Plainly, the Amended Complaint does not state, in even a conclusory manner, that the conduct of the Defendants was intentional. Throughout the entire Complaint, Plaintiffs state that CGLIC "screwed up" in failing to provide PSI with an insurance quote for SAI. Such a mistake does not amount to the intentional conduct calculated to interfere with a prospective business relationship that is required for this claim to succeed. Compare with Printing Mart, 563 A.2d at 40 (defendant gave false bids on behalf of two companies showing that it intended Printing Mart to lose the job and that his actions were calculated to produce that result). Therefore, because Plaintiffs cannot show that Defendants acted with the requisite intent when they refused to provide them with an insurance quote, they have not pled sufficient facts to establish a claim for tortious interference with a prospective economic relationship. As such, this claim will be dismissed.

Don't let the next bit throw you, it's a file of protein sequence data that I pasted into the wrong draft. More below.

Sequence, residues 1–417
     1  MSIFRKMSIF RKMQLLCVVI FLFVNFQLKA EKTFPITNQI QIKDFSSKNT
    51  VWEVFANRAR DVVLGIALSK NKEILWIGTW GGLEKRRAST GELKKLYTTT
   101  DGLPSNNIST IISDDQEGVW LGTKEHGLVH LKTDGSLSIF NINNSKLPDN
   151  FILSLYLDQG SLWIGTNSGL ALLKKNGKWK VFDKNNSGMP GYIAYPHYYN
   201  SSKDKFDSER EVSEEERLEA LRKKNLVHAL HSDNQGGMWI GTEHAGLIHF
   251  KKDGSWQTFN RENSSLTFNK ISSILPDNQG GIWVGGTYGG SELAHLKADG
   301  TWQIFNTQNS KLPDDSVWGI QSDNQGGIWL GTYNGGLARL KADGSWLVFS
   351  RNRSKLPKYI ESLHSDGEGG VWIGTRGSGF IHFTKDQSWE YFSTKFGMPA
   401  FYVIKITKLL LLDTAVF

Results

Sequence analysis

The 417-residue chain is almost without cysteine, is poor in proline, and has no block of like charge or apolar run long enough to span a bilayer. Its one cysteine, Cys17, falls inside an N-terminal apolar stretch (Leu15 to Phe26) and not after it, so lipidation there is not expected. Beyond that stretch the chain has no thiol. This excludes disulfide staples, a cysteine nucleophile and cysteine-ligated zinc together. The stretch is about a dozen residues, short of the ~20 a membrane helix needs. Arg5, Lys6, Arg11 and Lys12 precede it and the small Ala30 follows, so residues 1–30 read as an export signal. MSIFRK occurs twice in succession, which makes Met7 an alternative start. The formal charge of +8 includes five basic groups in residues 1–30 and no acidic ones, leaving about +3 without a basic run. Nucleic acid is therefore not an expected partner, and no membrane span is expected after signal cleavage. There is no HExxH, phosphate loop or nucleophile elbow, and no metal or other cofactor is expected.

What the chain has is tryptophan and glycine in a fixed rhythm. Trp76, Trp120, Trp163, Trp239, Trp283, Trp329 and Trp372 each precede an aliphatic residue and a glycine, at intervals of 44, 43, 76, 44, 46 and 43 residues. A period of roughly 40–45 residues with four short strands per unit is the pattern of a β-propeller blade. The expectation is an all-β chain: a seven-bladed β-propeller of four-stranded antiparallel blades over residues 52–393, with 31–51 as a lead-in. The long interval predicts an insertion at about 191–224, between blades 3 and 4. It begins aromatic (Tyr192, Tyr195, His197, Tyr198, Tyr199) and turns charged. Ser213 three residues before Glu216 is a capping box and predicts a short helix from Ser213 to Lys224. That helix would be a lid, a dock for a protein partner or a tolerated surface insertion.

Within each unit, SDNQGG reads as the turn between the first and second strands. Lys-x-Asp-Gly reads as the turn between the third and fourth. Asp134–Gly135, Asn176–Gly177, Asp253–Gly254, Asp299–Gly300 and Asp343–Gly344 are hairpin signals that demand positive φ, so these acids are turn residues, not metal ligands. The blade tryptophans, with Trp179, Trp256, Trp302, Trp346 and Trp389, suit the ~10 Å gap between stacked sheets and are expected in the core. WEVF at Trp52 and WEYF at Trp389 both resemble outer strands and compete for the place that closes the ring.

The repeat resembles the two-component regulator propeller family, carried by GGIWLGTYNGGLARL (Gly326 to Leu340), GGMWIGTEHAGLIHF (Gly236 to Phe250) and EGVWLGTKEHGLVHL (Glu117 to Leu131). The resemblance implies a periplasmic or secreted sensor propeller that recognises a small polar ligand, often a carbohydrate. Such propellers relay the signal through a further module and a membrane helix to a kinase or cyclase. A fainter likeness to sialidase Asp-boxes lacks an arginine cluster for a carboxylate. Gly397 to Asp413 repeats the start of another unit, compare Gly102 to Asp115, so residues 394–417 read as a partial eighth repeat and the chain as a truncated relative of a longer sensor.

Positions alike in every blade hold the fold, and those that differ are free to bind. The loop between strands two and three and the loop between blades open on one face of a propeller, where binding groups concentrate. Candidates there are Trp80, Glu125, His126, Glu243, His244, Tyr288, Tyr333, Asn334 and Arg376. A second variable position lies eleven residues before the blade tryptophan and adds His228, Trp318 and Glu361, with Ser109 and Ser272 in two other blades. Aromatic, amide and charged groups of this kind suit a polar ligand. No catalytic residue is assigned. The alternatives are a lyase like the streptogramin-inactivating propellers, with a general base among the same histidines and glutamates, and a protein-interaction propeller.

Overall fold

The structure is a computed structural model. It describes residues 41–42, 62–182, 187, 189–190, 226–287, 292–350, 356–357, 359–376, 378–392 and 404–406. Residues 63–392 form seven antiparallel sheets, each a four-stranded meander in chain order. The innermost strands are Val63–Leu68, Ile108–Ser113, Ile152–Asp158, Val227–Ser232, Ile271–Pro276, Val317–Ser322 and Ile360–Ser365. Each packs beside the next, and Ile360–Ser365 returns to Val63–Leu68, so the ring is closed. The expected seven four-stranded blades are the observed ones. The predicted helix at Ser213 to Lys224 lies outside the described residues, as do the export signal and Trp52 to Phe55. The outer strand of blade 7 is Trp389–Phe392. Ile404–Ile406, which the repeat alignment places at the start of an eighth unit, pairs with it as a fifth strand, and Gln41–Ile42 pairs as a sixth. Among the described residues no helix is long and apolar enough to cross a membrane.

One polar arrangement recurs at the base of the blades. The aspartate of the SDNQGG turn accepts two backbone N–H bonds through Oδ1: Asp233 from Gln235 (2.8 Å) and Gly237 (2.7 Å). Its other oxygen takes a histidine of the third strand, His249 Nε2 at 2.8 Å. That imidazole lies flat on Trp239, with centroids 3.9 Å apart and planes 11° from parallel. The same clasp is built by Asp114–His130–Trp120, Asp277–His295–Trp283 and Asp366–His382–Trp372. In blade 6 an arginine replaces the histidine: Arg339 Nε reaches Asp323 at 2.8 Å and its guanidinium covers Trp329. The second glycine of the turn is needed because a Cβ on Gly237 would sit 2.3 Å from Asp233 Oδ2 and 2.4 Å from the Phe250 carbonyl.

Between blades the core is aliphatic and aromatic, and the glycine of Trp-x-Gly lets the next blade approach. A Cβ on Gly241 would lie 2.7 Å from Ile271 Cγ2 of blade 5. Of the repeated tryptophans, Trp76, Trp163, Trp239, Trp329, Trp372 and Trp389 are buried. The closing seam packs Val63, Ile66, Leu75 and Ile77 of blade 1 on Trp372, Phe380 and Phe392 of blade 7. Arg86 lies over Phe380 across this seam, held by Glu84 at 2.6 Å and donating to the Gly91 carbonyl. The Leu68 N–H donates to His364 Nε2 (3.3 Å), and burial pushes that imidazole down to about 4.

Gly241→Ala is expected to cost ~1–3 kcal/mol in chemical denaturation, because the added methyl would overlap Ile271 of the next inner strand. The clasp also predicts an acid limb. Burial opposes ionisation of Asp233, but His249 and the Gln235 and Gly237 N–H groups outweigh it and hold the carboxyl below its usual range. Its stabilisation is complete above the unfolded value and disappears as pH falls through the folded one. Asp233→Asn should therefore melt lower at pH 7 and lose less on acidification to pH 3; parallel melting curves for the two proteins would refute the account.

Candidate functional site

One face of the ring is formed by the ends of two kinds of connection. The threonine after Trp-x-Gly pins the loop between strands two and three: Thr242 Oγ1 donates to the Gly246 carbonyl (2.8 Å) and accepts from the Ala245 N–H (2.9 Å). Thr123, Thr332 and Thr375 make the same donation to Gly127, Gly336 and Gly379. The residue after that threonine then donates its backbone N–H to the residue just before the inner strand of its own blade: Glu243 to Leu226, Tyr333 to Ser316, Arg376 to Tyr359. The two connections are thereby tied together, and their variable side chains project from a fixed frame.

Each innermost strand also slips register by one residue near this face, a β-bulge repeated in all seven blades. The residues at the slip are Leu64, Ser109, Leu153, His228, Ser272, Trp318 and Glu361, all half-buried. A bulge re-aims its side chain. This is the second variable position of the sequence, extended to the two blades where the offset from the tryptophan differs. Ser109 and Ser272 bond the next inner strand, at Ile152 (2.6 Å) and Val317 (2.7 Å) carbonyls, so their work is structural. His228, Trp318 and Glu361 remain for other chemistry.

b. Tortious Interference with Contractual Relations

To establish tortious interference with an existing contract, a plaintiff must prove: (1) an existing contractual relationship; (2) intentional and malicious interference with that relationship; (3) loss or breach of a contract as a result of the interference; and (4) damages resulting from that interference. Digiorgio Corp. v. Mendez & Co., 230 F. Supp. 3d 552, 558(D.N.J. 2002). While this Court does not believe that Plaintiffs have successfully pled the existence of a contract between PSI and SAI, this claim will be dismissed since, as aforementioned, Plaintiffs have not established that Defendants acted with the requisite intent to injure Plaintiffs and interfere with their contractual relations with SAI.

2. Second Count: Fraud and Negligent Misrepresentation In their Amended Complaint, Plaintiffs contend that the Defendants made the following fraudulent and negligent misrepresentations which Plaintiffs relied upon to their detriment:

(1) That they would provide PSI with the best quotes available to PSI's clients and that they would provide PSI the same quotes as they provided other producers;